if the plan change was granted. 14 Despite this, the Board granted the plan change. Although it accepted that policies 13(1)(a) and 15(a) in the NZCPS had to be given considerable weight, it said that they were not determinative and that it was required to give effect to the NZCPS “as a whole”. The Board said that it was required to reach an “overall judgment” on King Salmon's application in light of the principles contained in pt 2 of the RMA, and s 5 in particular. EDS argued that this analysis was incorrect and that the Board's finding that policies 13(1)(a) and 15(a) would not be given effect if the plan change was granted meant that King Salmon's application in relation to Papatua had to be refused. EDS said that the Board had erred in law.
6

Although the Board was not named as a party to the appeals, it sought leave to make submissions, both in writing and orally, to assist the Court and deal with the questions of law raised in the appeals (including any practical implications) on a non-adversarial basis. The Court issued a minute dated 11 November 2013 noting some difficulties with this, and leaving the application to be resolved at the hearing. In the event, we declined to hear oral submissions from the Board. Further, we have taken no account of the written submissions filed on its behalf. We will give our reasons for this in the separate judgment that we are delivering contemporaneously in relation to the application for leave to appeal. 15

7

Before we address the matters at issue in the EDS appeal, we will provide a brief overview of the RMA. This is not intended to be a comprehensive overview but rather to identify aspects that will provide context for the more detailed discussion which follows.

The RMA: a (very) brief overview
8

The enactment of the RMA in 1991 was the culmination of a lengthy law reform process, which began in 1988 when the Fourth Labour Government was in power. Until the election of the National Government in October 1990, the Hon Geoffrey Palmer MP was the responsible Minister. He introduced the Resource Management Bill into the House in December 1989. Following the change of Government, the Hon Simon Upton MP became the responsible Minister and it was

he who moved that the Bill be read for a third time. In his speech, he said that in formulating the key guiding principle, sustainable management of natural and physical resources, 16 “the Government has moved to underscore the shift in focus from planning for activities to regulating their effects …”. 17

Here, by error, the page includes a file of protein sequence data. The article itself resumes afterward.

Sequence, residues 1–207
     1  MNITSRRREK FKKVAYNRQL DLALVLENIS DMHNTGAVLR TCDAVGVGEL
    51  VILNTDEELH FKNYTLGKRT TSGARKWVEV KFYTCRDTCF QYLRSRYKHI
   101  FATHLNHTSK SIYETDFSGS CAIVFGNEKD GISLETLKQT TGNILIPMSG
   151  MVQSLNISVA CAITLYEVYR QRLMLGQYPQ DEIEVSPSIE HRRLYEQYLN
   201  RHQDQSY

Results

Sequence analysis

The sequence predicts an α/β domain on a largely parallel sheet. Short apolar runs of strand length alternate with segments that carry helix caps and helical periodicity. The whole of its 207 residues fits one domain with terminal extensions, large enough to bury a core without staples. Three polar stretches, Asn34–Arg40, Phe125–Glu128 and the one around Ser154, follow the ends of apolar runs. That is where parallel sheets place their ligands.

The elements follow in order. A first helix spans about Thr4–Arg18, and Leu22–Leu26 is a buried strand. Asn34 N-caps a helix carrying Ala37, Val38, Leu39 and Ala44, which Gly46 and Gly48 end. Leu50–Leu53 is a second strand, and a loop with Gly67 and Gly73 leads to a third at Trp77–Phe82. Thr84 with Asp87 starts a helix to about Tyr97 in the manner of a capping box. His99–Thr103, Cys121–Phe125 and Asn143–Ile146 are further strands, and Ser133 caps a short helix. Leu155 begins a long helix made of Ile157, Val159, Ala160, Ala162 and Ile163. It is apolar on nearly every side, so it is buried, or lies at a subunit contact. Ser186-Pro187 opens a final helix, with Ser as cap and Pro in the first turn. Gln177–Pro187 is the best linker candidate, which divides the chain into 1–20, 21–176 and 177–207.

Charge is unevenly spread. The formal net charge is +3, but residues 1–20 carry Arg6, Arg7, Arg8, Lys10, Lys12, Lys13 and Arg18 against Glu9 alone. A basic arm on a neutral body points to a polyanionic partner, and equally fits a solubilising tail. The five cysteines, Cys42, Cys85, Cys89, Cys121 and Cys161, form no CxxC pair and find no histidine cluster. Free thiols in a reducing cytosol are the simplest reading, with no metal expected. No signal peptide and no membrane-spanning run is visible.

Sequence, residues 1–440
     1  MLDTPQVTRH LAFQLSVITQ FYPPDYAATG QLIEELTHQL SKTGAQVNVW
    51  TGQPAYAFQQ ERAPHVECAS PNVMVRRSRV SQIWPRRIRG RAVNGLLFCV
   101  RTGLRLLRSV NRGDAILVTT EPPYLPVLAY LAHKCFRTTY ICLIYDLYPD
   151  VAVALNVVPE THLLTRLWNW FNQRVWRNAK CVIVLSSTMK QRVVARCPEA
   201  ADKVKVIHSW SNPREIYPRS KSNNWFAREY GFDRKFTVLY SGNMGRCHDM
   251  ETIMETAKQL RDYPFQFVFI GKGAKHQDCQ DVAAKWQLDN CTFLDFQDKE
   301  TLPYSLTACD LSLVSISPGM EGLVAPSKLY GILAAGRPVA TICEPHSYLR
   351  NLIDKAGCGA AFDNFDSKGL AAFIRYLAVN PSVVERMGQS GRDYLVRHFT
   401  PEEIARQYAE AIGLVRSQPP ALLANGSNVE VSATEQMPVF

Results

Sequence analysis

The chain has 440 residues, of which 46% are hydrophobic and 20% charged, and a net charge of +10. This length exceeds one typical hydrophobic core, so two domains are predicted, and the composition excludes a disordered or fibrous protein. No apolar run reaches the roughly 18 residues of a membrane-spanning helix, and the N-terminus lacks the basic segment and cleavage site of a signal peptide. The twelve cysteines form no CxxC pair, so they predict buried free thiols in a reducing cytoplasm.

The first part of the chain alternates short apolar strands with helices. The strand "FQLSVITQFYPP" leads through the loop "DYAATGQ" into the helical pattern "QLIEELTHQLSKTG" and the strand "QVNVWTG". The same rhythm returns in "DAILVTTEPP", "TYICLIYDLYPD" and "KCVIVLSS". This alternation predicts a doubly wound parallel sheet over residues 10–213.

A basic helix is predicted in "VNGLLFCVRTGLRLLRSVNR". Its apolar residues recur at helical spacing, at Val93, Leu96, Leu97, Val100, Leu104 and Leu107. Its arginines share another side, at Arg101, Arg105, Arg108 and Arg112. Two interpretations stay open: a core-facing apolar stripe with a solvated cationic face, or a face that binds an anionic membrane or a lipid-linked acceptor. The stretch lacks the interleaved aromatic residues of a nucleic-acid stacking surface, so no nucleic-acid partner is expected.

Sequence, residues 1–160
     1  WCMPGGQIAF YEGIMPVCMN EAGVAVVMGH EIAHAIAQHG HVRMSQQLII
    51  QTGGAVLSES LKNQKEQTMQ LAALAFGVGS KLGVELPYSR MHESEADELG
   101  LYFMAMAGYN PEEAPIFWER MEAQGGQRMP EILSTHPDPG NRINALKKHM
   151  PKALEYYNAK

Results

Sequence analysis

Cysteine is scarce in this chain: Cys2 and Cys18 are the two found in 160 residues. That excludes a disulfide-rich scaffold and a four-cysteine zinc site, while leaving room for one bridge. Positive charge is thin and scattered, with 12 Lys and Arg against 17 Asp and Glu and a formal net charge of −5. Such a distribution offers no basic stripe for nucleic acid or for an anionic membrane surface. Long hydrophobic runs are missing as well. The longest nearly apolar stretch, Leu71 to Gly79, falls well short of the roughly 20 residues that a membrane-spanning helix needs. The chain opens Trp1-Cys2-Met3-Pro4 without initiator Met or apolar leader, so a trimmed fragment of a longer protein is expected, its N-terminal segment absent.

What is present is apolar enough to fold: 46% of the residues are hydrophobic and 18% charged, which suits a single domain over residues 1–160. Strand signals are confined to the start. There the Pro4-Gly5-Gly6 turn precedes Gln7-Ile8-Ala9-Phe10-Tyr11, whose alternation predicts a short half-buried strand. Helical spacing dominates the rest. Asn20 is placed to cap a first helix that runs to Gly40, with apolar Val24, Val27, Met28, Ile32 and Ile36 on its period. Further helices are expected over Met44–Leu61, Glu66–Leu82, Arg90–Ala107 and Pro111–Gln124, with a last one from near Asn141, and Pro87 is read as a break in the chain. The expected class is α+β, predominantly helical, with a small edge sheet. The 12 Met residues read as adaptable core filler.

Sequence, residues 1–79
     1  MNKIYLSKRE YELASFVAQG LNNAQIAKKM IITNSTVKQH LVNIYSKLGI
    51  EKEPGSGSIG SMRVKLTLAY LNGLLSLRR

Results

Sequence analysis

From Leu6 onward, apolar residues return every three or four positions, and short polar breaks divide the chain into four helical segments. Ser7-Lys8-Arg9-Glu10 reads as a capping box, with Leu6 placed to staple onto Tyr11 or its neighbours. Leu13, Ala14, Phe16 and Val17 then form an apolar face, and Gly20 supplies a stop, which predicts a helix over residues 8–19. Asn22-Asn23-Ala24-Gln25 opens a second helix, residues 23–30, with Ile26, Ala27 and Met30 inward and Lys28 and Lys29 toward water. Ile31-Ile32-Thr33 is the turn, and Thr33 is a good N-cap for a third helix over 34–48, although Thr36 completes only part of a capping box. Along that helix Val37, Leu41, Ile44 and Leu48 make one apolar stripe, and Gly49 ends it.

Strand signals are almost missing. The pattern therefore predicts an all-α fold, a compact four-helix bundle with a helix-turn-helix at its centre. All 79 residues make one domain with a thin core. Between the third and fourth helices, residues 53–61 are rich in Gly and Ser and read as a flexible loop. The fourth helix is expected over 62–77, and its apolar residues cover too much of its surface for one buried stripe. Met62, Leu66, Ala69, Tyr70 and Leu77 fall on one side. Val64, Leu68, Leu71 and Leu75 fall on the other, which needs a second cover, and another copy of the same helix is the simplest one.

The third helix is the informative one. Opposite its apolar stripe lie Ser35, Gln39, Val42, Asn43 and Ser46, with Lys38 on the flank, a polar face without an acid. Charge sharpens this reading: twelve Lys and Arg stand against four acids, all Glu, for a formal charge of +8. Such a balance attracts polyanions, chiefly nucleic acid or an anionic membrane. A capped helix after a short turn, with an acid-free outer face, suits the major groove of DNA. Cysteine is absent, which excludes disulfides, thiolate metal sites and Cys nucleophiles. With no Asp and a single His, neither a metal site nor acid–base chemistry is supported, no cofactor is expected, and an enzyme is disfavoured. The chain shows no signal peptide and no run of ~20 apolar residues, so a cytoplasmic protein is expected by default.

9

The RMA replaced a number of different Acts, most notably the Water and Soil Conservation Act 1967 and the Town and Country Planning Act 1977. In place of rules that had become fragmented, overlapping, inconsistent and complicated, the RMA attempted to introduce a coherent, integrated and structured scheme. It identified a specific overall objective (sustainable management of natural and physical resources) and established structures and processes designed to promote that objective. Sustainable management is addressed in pt 2 of the RMA, headed “Purpose and principles”. We will return to it shortly.

10

Under the RMA, there is a three tiered management system – national, regional and district. A “hierarchy” of planning documents is established. Those planning documents deal, variously, with objectives, policies, methods and rules. Broadly speaking, policies implement objectives and methods and rules implement policies. It is important to note that the word “rule” has a specialised meaning in the RMA, being defined to mean “a district rule or a regional rule”. 18

11

The hierarchy of planning documents is as follows:

  • (a) First, there are documents which are the responsibility of central government, specifically national environmental standards, 19 national policy statements 20 and New Zealand coastal policy statements. 21 Although there is no obligation to prepare national environmental standards or national policy statements, there must be at least one New Zealand coastal policy statement. 22 Policy statements of